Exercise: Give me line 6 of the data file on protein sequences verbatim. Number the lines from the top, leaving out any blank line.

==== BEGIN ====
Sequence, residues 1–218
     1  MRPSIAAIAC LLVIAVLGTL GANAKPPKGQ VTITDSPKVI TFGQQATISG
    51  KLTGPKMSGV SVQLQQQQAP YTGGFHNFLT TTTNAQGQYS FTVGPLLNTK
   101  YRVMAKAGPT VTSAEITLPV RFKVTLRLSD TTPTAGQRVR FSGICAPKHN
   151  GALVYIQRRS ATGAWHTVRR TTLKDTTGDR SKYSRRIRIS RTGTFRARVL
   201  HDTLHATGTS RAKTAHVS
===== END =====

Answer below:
   201  HDTLHATGTS RAKTAHVS